With substantial confusion left regarding the meaning, as well as the purpose, of Computational Thinking (CT), 15 years after Jeannette Wing's seminal Communications Viewpoint,7 two different schools of computational thought have emerged. In the more prominent school of thought—let's call it vocational education—the boundary between programming and CT is somewhat blurry. No doubt, the understanding of coding constructs is an essential part of CT education. However, if teaching and assessing CT is largely based on concepts such as loops, sequences, and conditional statements, then how is this fundamentally different from programming? The arguments for and against this school of thought are numerous but the most ubiquitous ones, at least in the U.S., appear to be career oriented and are grounded in predominantly economic justifications. Unfortunately, in the vocational school of computational thought the benefits of CT toward disciplines other than computer science are at best collateral.
Enter the second, less developed, school of computational thought focusing on general education. We will call this "Explicative Programming." In this school, programming may not be in the foreground, but it becomes an interdisciplinary instrument of thought to truly understand powerful ideas in typical K-12 disciplines such as STEM, art, language, and music. In the Explicative Programming school of computational thought, CT is about thinking with the computer. This idea is not new. In fact, it predates the Wing vision and can be traced back to Seymour Papert. Papert initially employed the term "Computational Thinking"3 to refer to a relation between problem disciplines and what he referred to as an explicative practice of programming.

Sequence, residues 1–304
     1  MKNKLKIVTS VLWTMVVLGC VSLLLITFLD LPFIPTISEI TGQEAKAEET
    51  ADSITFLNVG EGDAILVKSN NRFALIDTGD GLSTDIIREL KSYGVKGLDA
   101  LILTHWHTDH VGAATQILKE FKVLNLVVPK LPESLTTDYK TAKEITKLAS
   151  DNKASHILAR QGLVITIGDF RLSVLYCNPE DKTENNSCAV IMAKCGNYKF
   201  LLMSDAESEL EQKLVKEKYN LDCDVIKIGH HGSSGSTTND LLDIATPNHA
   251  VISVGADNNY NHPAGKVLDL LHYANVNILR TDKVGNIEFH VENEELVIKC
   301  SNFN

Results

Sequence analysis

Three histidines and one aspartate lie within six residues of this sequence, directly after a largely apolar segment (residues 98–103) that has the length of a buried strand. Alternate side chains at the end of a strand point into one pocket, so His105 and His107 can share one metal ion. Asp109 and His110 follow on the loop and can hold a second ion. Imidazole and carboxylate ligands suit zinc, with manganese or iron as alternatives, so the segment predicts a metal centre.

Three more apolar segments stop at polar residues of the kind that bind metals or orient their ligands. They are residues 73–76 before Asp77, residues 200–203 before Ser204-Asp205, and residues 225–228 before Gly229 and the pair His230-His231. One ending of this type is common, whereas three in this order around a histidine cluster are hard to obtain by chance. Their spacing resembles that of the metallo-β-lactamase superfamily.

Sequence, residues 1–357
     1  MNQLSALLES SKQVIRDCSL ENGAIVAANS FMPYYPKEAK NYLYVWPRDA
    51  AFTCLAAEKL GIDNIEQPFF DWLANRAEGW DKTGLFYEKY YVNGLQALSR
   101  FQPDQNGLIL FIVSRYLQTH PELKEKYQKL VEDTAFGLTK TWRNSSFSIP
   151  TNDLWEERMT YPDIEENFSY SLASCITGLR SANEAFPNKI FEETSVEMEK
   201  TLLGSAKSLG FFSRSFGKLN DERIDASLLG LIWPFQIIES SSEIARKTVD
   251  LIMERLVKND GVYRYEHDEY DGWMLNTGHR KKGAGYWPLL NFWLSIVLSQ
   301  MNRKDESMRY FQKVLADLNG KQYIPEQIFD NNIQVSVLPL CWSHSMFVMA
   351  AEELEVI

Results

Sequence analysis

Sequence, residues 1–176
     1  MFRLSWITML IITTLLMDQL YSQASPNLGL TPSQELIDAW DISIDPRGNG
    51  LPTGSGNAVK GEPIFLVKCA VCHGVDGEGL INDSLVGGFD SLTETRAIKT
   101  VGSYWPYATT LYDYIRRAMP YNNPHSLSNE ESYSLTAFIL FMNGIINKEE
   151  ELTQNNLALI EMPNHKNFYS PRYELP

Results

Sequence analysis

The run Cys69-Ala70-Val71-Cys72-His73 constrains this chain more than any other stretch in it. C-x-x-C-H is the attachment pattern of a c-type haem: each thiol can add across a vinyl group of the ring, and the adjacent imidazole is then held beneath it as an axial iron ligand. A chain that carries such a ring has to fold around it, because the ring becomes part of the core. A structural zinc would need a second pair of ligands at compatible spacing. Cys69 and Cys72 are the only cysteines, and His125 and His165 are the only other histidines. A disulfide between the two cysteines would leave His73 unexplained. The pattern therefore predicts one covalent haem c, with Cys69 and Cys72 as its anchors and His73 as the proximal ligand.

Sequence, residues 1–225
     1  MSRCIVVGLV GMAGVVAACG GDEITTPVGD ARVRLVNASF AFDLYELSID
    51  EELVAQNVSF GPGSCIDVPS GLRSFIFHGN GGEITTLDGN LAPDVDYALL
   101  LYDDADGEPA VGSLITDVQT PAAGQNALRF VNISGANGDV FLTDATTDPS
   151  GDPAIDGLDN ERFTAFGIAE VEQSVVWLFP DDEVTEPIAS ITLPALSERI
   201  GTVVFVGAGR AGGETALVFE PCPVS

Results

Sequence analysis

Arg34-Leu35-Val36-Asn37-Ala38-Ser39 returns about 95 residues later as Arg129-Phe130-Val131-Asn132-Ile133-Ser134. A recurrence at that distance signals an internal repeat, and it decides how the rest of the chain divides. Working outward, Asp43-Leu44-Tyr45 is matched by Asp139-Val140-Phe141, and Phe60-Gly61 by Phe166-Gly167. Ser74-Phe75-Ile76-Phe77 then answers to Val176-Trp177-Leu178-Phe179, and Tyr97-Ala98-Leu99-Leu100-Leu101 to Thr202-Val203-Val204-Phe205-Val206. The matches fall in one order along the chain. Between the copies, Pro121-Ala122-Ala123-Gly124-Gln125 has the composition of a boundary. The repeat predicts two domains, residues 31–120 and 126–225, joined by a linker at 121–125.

Explicative Programming facilitates CT thinking by establishing a bidirectional connection between typical K-12 disciplines and computer science (see Figure 1). The motivational aspects of this type of connection have long been recognized by the educational reformer Dewey as "instrumental motivation."2 Instrumental motivation is an indirect kind of motivation—just like learning a few words of French may enable you to order food at a restaurant in France. In this example, instrumental motivation suggests you are mostly interested in eating food, not learning the French language. Similarly, with Explicative Programming, instrumental motivation may foster interest in either "learning to program," or "programming to learn" or both (see Figure 1).
- Learning to program. Disciplines such as STEM, music, art, and languages, suggesting applications such as games, simulations, robots, stories, and animations, can serve as engaging contexts to develop programming skills.
- Programming to learn. Programming can serve as a dialectic to support understanding and expose misconceptions in disciplines such as STEM, music, art, and languages through hands-on inquiry processes.